The Czech Republic shares the principles of the migration and visa policies of the European Union and is currently finalizing its legal matters to match European Union law.
Since the Czech Republic entered the European Union in May 2004, domestic visa policies have been coordinated to match EU policies, which have been implemented since the mid-'80s.
From January 2006, Czech citizens can enter EU countries with only a valid machine-readable national identification cards; a visa is not required. For traveling with children, it is recommended to use a passport. If residency exceeds 90 days, citizens must register at the foreign police within the state of residence, which will automatically issue a residency permit for five years.
Foreigners travelling to the Czech Republic may use a passport, diplomatic passport or any ID. This includes citizens of Switzerland, Norway, Iceland and Lichtenstein, which are members of the European economical area.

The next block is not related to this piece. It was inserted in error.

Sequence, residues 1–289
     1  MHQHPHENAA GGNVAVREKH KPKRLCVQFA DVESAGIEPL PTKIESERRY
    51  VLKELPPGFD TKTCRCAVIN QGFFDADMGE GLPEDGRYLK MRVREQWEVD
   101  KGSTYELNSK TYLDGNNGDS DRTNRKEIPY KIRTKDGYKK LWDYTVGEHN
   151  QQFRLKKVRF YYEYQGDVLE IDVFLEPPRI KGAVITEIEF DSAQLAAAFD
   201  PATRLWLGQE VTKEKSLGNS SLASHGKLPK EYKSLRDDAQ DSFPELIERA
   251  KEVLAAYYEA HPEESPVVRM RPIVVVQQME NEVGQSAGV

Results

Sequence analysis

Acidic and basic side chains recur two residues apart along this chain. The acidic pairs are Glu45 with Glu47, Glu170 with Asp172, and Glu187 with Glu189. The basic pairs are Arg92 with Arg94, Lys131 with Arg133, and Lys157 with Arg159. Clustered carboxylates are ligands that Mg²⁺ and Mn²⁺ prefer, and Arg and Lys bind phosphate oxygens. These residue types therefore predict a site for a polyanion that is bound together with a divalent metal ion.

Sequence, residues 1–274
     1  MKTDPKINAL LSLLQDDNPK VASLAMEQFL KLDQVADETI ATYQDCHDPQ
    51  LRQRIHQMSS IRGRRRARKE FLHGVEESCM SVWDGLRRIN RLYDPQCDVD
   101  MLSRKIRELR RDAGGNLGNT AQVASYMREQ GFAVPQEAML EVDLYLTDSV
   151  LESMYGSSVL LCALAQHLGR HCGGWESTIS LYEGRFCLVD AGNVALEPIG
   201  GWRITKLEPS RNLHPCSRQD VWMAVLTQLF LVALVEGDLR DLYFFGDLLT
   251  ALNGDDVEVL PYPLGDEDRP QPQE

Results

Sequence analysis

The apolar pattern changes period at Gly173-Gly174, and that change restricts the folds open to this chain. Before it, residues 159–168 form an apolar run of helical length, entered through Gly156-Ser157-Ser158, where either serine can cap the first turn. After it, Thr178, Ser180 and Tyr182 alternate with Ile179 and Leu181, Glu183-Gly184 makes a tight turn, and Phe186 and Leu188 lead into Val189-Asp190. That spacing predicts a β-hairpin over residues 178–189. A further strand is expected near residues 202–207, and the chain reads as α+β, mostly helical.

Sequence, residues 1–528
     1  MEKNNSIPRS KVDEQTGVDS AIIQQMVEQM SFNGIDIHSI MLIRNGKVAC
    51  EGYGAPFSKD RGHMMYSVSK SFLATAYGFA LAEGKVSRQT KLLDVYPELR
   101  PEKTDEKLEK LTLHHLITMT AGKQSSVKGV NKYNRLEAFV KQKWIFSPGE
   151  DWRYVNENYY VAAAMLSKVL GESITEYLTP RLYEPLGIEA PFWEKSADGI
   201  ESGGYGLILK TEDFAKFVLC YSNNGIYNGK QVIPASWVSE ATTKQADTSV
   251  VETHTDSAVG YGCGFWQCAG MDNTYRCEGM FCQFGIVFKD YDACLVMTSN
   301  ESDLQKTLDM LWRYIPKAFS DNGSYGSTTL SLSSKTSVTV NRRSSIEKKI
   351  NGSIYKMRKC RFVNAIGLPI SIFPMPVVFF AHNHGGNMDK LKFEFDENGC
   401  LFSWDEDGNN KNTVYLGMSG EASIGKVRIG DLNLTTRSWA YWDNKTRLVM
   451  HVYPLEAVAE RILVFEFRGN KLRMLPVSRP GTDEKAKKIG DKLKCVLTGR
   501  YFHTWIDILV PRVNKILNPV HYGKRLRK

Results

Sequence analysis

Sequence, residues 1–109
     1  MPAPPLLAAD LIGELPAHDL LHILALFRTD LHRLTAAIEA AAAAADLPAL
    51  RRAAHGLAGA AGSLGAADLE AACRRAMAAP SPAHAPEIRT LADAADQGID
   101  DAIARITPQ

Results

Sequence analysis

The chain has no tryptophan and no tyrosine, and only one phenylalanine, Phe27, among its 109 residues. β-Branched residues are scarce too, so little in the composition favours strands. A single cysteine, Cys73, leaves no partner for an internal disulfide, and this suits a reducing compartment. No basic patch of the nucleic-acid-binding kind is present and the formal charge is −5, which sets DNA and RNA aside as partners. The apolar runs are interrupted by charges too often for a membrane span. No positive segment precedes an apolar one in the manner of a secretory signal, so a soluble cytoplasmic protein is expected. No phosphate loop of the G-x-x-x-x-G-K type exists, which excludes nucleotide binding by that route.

Non-visa requirements regarding other states
With some states, the Czech Republic maintains a shared non-visa requirement and with some, a one-way non-visa requirement.
The actual list of states and types of visa contacts is available on the web pages of the Ministry of Foreign Affairs.
Visa regulations for other states
Visa restrictions for Czech citizens for a large number of states complicate traveling, studying and to some extent business relations. Countries that cannot be entered without a visa include: the United States (the Czech Republic and the EU are pursuing termination of the visa requirement), Australia, China, Egypt, India, Canada, North Korea, Russia and Thailand.
Citizens of states who must provide a visa to enter the Czech Republic include Ukraine, Morocco, Singapore and Brazil.
Information and warnings on travelling abroad is to be found HERE.